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District nursing: £18.5m course funding aims to boost staff numbers in England

Money will help community nurses transition to the specialty
A nurse working in a patient's home

Money will help community nurses transition to the specialty

Further funding of 18.5 million has been announced in England that will enable community nurses to undertake a course to become district nurses.

The money from Health Education England (HEE) will allow the specialist practitioner qualification (SPQ) course in district nursing, which was due to end in 2019-20, to be offered for a further year.

The SPQ programme enables adult, child, mental health and learning disability nurses working in the community to become district nurses.

Community nurses employers can sponsor them to undertake the course, which runs for 32 weeks and comprises 50% theory and 50% practice.

Slow rise in student numbers

Money will help community nurses transition to the specialty


Picture: Neil O’Connor

Further funding of £18.5 million has been announced in England that will enable community nurses to undertake a course to become district nurses.  

The money from Health Education England (HEE) will allow the specialist practitioner qualification (SPQ) course in district nursing, which was due to end in 2019-20, to be offered for a further year. 

The SPQ programme enables adult, child, mental health and learning disability nurses working in the community to become district nurses.

Community nurses’ employers can sponsor them to undertake the course, which runs for 32 weeks and comprises 50% theory and 50% practice.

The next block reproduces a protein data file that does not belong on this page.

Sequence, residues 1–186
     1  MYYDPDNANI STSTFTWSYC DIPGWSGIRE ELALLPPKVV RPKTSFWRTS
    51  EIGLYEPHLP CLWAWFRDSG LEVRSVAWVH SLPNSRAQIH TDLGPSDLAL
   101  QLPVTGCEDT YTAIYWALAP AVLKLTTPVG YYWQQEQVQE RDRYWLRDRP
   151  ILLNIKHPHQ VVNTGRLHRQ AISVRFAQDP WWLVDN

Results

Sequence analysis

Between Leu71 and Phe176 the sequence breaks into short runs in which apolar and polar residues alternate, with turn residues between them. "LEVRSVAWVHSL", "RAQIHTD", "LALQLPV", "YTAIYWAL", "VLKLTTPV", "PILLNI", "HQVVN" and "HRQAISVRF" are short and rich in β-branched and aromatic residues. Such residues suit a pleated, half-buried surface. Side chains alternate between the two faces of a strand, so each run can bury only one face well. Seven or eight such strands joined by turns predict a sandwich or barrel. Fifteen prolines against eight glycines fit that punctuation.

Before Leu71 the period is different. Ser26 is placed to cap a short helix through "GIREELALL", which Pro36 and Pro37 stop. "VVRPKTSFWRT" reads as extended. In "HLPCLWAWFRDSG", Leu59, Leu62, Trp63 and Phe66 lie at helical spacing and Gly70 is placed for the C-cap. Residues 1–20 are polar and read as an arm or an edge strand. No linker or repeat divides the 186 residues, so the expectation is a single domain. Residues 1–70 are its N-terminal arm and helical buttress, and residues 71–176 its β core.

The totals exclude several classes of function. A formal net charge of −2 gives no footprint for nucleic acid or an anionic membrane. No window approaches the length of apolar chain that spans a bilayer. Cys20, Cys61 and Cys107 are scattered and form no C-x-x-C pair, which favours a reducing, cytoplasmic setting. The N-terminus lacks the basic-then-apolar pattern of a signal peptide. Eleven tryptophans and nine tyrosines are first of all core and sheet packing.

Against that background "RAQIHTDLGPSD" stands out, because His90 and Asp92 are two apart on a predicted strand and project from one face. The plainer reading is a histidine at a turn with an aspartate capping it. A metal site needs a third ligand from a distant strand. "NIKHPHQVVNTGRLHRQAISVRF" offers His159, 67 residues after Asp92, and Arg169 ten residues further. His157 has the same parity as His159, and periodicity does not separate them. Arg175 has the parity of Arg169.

Slow rise in student numbers

News of the extra funding coincided with the publication of a Queen’s Nursing Institute (QNI) report on district nursing education in the UK.

The QNI revealed that the number of students starting the SPQ course in England had only risen by 5% between 2014-15 and 2017-18, from 446 to 467.

In May, a report by the RCN and the QNI revealed that the number of NHS district nurses in England had dropped by 43% in the past 10 years – from 7,055 to 4,031.


QNI chief executive Crystal Oldman

QNI chief executive Crystal Oldman said the HEE investment would help grow numbers on the SPQ programme.

‘To have confirmation of funding of course fees, and salary support, so early in the recruitment cycle will support providers to fill every place for district nurse training and education,’ she said.

HEE’s new investment will also support the district nursing apprenticeship programme in 2020-21.


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